Saturday evening, Shelly and I went out to the Castle to do some danng,a nd hooked up with S, her other boyfriend, nekidsteve, nihilus, phyrra, and their friend and housemate. (Tried to shoot you an IM, johnnymoon, but you weren’t online and it was a really spur-of-the-moment, last-minute thing…)
The main DJ sucked. The alternate DJ ruled. There’s a life lesson in there somewhere, that I’m too lazy to dig out. Anyway, the alternate DJ played the Second Best Song to Dance To Ever Written1, which I’ve heard before but didn’t know the name of. Shelly talked to him after. Turns out the song is by a band called Wumpscut, and the song is called Wreath of Barbs. (Note: direct MP3 download; 6.3 megabytes.)
datan0de, if you aren’t familiar with this song, you should be. 🙂
In old-school computer hackerspeak, a situation can arise between a computer and a peripheral which is called “deadlock” (or, for those of you who hail from MIT, “deadly embrace”). Modern computer protocols have largely done away with it, but generally speaking it’s a situation where a computer and a peripheral stop talking to one another because each is waiting for some sort of response from the other.
There are two basic varieties of deadlock: “starvation,” in which the computer and the peripheral are each waiting for data from the other, and “constipation,” where the computer’s buffer is full and it’s waiting for a signal from the peripheral to receive the data, and the peripheral’s buffer is full and it’s waiting for a signal from the computer to receive ITS data.
It seems the same sort of thing can happen between two people, especially if some kind of problem has existed between them. ach ends up feeling marginalized by the other, and each ends up feeling that the other wants nothing to do with him–so each ends up not reaching out to the other.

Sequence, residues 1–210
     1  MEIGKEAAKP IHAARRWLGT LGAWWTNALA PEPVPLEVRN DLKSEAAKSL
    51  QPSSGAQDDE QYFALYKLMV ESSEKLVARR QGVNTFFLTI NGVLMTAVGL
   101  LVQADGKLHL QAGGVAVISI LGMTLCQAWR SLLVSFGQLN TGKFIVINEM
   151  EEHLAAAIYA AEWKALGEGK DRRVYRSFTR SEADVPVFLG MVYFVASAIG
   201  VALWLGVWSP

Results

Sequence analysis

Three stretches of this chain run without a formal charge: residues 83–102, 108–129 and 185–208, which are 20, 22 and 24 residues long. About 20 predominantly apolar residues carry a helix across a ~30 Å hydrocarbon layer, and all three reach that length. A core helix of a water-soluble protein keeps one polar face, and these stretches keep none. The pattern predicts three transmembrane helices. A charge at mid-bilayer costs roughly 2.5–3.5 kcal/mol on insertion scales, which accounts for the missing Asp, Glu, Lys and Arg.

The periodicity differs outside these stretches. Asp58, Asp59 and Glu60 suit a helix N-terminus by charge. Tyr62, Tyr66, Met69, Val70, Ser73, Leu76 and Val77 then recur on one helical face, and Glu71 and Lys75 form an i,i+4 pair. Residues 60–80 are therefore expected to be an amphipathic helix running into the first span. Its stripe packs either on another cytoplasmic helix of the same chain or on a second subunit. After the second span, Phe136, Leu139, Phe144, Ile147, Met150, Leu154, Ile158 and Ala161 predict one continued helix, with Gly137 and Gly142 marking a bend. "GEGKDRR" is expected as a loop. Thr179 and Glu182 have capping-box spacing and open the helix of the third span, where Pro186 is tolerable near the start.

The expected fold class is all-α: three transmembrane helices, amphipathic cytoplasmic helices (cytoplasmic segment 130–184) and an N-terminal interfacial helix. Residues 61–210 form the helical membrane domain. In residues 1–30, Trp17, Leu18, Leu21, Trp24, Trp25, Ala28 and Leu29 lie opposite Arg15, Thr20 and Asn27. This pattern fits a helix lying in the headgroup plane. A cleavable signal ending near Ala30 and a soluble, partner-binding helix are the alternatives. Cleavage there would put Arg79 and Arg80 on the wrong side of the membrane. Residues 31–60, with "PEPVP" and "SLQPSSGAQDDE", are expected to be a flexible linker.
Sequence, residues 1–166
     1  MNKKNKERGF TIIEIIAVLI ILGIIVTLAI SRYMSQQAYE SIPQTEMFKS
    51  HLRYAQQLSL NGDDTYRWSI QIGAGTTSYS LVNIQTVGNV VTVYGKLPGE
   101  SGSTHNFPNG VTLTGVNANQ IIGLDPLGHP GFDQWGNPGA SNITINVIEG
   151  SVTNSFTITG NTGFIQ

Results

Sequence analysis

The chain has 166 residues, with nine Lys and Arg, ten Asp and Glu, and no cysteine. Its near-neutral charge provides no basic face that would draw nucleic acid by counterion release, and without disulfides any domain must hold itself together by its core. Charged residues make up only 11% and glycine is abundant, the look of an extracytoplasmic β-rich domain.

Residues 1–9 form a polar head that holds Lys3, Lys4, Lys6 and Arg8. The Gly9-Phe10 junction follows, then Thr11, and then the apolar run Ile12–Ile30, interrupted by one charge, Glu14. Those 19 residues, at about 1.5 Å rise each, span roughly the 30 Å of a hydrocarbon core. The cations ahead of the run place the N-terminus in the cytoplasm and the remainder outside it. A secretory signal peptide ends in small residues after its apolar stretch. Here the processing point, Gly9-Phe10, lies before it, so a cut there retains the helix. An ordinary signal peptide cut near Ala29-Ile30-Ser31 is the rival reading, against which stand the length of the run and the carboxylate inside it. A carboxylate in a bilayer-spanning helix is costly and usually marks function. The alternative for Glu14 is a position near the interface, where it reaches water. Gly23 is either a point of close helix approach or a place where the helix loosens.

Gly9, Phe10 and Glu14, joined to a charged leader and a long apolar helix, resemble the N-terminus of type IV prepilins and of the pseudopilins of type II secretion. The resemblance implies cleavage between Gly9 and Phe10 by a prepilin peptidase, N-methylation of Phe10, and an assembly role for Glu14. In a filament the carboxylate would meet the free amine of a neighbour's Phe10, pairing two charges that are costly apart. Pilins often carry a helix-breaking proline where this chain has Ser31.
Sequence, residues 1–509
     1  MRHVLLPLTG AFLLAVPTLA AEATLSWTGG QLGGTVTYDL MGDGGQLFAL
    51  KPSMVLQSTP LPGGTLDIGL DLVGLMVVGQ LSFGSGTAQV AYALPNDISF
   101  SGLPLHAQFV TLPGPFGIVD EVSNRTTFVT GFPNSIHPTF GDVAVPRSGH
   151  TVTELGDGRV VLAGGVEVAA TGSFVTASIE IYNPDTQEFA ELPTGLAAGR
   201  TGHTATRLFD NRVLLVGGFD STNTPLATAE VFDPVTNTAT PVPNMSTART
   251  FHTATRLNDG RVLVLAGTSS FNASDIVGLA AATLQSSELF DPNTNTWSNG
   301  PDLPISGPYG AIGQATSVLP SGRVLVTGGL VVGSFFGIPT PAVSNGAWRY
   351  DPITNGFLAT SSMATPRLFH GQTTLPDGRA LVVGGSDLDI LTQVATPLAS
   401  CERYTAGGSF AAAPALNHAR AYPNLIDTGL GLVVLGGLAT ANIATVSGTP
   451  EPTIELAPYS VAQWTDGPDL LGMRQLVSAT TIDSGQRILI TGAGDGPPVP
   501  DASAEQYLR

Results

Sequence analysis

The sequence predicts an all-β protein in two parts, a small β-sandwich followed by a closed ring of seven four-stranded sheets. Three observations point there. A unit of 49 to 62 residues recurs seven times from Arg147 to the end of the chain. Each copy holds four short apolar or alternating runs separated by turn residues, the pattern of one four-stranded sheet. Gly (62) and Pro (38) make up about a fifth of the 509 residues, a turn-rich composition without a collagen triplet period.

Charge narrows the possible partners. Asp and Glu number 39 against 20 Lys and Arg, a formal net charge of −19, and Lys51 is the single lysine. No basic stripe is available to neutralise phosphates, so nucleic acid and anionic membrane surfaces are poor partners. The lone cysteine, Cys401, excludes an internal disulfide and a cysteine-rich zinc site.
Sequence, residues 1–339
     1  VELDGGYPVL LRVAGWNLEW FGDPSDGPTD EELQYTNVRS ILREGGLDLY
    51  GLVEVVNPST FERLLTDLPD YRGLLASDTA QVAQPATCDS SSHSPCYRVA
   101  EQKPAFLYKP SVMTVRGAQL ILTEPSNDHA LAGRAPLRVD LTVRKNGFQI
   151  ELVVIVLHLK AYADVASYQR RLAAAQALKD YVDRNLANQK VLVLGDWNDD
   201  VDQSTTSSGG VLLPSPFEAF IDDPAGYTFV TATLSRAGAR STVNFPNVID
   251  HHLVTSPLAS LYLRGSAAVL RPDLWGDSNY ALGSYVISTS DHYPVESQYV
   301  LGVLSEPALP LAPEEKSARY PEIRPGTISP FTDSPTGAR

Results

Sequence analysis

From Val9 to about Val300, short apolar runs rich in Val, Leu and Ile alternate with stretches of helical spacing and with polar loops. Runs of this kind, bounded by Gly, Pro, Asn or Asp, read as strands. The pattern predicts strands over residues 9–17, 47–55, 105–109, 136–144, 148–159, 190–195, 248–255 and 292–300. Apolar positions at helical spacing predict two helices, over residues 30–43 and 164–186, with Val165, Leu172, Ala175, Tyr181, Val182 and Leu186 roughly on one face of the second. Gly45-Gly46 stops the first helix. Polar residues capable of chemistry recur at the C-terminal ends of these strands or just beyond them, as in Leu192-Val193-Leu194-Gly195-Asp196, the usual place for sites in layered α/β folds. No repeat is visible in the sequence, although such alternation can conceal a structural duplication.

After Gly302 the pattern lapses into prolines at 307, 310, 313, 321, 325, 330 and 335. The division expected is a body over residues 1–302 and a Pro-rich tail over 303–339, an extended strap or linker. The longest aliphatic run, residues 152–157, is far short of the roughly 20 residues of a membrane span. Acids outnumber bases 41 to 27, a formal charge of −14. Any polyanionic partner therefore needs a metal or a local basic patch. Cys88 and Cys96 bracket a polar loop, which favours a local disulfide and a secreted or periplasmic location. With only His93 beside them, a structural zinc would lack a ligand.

Computers can be rebooted, and there’s no hard feelings. With people, it’s a bit more tricky.
So. We had a blast at the club, except for tension etween phyrra and I. I can tell she doesn’t feel comfortable around me, so I don’t try to impose on her, so she feels like I’m avoiding her, so she feels uncomfortable around me, so… starvation deadlock.
And there’s no reason it should be this way. phyrra is a warm and wonderful person who I like very much. Just so y’all know. 🙂
This 1883 book is without question the worst phrasebook ever written. The writer, Pedro Carolino, who was Portuguese, did not particularly speak English, nor did he have a Portuguese-English dictionary available. Instead, he worked with a French-English phrasebook and a Portuguese-French dictionary. The results, I’m sure you’ll agree, are staggering.
This text is that of a book of excerpts compiled a few years after the book was first published. Anything that looks like an error is, in fact, the way it actually appears in the book. I’ve transcribed the complete text of that book; I do not, unfortunately, have a copy of the original. I’m sure you’ll notice bits that look like typos. They’re not; that’s all part of the fun.
The phrasebook contains such useful gems as a handy list of common English colours (White, Gridelin, Cray, Musk, and Red), popular English games (Foot-ball, Pile, Bar, Mall, Gleek, Even or non even, Carousal, and Keel), handy English phrases (“Give me some good milk newly get out,” “He burns one’s self the brains”), and English idiotisms and proverbs (“He has fond the knuckle of the business,” “So much go the jar to spring that at last it break there”). This stuff predates Engrish by a good century, and is, if anything, even more bizarre. Great stuff!
1All decent, God-fearing people know, of course, that in the great cosmology of Songs to Dance To, nothing can compare to the pinnacle of human achievement, Front 242’s Headhunter v1.0.